People, especially those with less experience, can get overwhelmed by the data on ground glass joint sizes. When you search online, there’s an overwhelming amount of information that can be difficult to process. This is because there are so many types of glass, and when we get to the accessories, the list keeps getting longer.
The truth, however, is that finding the right glass joint size isn’t too complicated. All you need is a basic knowledge of glass, joint sizes, shapes, and their function. Part of what makes this task easier is the standardization of joint sizes by the industry.
First and foremost, you need to know about the main elements of glass joints, namely the size and the ‘gender’ of the joint.
You need to determine the gender of your joint, i.e. whether it is male or female. The differences can easily be spotted. If your joint is ‘male’, then the accessories will slide on it, and if it is ‘female’, then the accessory will slide in it. Also note that if the joint is male, then the accessories will be female (and vice versa). So your female joint will have a male bowl inserted in it, or your male joint will have a female nail sitting over it. Simple as that!
When it comes to glass joints, you have 3 sizes to choose from:
- 10mm (small-also known as a ‘nano’ joint)
- 14mm (medium)
- 18mm (large)
Note that there are some specialty joints that can be larger than 18mm, but these are the standard sizes that you get on the market. These standard sizes are suited for different types of pieces. If you use a pendant rigs, then you will go with the small size for concentrates. The medium and the large sizes are stronger and they are used on beakers or straight tubes.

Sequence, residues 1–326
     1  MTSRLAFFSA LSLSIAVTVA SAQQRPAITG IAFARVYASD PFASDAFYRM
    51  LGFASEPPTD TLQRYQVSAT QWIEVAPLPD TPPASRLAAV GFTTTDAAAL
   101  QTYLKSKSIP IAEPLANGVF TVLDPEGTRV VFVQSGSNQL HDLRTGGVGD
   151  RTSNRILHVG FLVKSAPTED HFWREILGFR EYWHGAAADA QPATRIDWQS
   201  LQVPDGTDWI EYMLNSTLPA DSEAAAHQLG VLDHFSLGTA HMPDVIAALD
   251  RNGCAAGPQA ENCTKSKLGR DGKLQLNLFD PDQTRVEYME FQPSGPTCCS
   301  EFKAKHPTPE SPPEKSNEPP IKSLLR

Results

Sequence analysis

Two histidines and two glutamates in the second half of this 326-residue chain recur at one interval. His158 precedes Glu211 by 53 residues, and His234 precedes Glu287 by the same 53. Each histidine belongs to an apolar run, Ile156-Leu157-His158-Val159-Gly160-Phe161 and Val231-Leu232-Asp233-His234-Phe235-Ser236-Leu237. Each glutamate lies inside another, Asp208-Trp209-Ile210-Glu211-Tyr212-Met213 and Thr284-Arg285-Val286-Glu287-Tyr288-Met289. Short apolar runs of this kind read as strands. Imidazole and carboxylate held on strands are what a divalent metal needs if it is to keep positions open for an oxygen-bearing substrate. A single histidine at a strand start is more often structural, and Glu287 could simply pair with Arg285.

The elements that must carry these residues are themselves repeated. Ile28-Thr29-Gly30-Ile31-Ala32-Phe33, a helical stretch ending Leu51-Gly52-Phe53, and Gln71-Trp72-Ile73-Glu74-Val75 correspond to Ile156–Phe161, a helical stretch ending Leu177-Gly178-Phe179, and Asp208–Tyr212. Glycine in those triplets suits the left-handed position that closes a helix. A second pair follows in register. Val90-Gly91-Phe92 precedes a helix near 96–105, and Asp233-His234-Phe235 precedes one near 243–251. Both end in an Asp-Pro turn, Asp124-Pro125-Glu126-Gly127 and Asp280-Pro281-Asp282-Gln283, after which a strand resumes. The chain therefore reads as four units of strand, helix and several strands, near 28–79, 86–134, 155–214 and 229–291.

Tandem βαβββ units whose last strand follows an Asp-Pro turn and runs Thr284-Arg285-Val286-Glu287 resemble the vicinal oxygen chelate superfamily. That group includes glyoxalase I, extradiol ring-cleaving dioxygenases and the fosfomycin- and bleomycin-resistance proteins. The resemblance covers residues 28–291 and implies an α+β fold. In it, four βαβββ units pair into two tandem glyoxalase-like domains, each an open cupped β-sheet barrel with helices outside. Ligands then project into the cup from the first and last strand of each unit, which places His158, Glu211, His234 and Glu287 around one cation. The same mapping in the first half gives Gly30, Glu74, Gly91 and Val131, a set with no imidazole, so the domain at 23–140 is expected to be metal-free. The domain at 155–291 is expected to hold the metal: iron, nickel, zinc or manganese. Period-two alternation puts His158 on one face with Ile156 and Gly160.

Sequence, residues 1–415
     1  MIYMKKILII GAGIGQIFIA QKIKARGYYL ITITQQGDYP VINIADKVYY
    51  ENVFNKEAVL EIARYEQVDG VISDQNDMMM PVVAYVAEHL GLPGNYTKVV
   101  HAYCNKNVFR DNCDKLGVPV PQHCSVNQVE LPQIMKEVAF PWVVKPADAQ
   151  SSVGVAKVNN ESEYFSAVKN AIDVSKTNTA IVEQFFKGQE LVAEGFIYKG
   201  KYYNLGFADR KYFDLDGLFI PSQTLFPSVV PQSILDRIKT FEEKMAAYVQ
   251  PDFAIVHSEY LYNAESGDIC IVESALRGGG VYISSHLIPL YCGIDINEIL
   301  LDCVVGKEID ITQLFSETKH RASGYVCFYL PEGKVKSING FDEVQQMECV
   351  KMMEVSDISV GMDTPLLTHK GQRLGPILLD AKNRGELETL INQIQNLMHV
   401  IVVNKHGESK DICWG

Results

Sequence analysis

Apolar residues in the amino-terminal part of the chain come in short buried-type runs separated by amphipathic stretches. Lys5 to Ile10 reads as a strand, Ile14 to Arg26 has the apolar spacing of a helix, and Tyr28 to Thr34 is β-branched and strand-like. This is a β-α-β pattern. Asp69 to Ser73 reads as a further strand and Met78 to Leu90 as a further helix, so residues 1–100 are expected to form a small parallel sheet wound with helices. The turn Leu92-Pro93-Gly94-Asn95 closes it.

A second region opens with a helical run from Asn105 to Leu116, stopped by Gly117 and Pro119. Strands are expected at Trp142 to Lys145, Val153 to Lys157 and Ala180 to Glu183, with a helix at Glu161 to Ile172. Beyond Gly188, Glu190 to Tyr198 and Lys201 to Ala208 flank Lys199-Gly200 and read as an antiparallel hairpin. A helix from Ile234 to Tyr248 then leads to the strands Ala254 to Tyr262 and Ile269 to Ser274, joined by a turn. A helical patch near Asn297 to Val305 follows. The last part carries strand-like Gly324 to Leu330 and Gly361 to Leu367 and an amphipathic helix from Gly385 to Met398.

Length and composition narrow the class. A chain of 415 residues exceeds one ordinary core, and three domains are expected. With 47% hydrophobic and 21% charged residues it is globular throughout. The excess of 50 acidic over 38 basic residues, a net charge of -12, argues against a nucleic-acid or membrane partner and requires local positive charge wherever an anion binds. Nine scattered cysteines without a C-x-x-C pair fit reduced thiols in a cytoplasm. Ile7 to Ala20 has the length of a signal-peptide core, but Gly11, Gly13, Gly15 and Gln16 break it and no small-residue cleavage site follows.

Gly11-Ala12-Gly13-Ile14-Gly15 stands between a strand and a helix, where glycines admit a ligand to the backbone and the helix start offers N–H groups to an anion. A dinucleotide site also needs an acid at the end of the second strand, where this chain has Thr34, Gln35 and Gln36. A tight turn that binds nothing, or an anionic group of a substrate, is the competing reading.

Note that sometimes you see measurements like ’14.5mm’ or ‘18.8mm’, but you should not be confused. These are just technical terms and not actual differences in size. In other words, the 14.5 mm and 14mm refer to the same size. 14.5mm is technically correct, but it is labeled as 14mm for the sake of convenience. The same goes for 18.8mm joints. There are also sometimes labeled as 19mm because the marketer has rounded up the number to the nearest millimeter.
The simplest and most basic method of determining joint size is to measure your joint’s diameter with a ruler. Some people use every day hacks to measure their joint size. Note that 10mm is the smallest size, and hence is easily distinguishable. In order to distinguish between 14mm and 18mm joints, you can use a dime. The 14mm female joint is a just a little bit smaller than a dime, but you can easily drop a dime through an 18mm female joint.
So once you know your main components and how to determine the size, it will be easy for you to find the perfect accessories for your glass.
*Blog posts are contributed by third-party sources